In Afrikaans, with English, Afrikaans and Spanish subtitles.

This documentary won SAFTA's (South African Film and Television Awards) for Best Achievement in Cinematography, Best Achievement in Editing and Best Achievement in Sound Design.
Groenewald (A.) DIE SKAALMODEL,
216pp., paperback, Cape Town, 2016. R240
An Afrikaans novel about an archivist at the Bredasdorp Shipwreck Museum who decides to build a scale model of the town Skipskop, an abandoned fishing village near Arniston. However, she ends up being accused of mismanagement of funds and dereliction of duty and needs to prepare her defence. This novel was the winner in the debut division of the 2015 Groot Afrikaanse Romanwedstryd 2015.

Journalist Anneli Groenwald lives in Johannesburg.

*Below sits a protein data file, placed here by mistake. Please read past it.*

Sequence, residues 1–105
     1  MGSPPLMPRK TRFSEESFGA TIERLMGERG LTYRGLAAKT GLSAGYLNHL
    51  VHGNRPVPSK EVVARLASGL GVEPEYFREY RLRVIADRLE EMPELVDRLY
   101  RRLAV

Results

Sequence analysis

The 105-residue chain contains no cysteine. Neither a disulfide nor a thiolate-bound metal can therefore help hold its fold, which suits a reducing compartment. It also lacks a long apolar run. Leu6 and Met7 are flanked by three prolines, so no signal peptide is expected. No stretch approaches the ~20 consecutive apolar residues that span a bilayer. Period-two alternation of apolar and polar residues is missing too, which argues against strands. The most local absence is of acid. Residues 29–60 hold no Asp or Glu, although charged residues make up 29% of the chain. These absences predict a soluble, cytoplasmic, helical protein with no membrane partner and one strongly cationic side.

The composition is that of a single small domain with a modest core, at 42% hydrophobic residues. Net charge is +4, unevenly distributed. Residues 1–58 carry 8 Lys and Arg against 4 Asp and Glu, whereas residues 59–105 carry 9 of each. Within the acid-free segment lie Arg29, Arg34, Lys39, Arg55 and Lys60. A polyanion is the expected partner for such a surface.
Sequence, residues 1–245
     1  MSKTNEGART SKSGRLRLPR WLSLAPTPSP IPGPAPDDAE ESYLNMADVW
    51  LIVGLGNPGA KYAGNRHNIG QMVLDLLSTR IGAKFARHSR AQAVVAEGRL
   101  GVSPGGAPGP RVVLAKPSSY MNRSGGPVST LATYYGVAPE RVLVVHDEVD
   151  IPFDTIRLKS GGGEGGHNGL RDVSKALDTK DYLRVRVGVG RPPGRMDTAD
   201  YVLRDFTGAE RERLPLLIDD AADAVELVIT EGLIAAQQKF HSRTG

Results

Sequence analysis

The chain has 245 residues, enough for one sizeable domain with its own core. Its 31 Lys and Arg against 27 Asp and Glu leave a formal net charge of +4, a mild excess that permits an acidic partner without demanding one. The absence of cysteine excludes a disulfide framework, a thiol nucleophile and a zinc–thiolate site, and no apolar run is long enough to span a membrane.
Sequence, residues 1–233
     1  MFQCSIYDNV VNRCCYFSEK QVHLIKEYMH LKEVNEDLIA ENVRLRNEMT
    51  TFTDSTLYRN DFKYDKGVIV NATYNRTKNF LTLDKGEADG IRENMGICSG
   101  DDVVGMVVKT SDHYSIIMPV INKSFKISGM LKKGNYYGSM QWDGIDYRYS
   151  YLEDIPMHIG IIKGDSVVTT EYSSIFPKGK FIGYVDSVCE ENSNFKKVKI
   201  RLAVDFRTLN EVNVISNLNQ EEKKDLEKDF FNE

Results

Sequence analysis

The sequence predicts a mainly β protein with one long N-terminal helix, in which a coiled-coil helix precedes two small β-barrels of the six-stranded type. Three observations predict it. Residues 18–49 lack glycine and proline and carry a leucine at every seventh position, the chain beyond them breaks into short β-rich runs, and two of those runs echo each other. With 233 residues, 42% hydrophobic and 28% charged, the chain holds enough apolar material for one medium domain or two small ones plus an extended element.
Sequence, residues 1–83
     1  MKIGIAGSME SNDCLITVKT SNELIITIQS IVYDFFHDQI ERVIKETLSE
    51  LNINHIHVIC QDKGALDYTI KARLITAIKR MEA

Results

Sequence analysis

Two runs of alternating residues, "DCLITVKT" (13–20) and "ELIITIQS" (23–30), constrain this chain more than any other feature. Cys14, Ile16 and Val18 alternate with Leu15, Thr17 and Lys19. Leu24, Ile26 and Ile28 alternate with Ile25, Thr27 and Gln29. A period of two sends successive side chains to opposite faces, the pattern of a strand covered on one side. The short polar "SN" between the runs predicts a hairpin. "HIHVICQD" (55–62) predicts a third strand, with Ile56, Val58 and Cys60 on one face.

Hartley (R.) THE BIG FIX, how South Africa stole the 2010 World Cup
248pp., paperback, Johannesburg, 2016. R240
Ray Hartley reveals how South Africa encouraged Fifa to pay money to a corrupt member of its executive to ensure that South Africa's bid to host the 2010 World Cup succeeded. He also discusses the rigging of construction tenders, match-fixing, and wasted public money.

Ray Hartley is the editor of the online newspaper, the Rand Daily Mail, and former editor of The Times and the Sunday Times of South Africa. He is also the author of "Ragged Glory, the rainbow nation in black and white".
Hattingh (M.) I'M THE GIRL WHO WAS RAPED,
191pp., paperback, Cape Town, 2016. R220
Michelle Hattingh writes about her fight to recover from being robbed, assaulted and raped.

"Compelling, clear and beautiful writing on such a necessary topic. She shatters rape myths on every page." Jen Thorpe, author of "The Peculiars"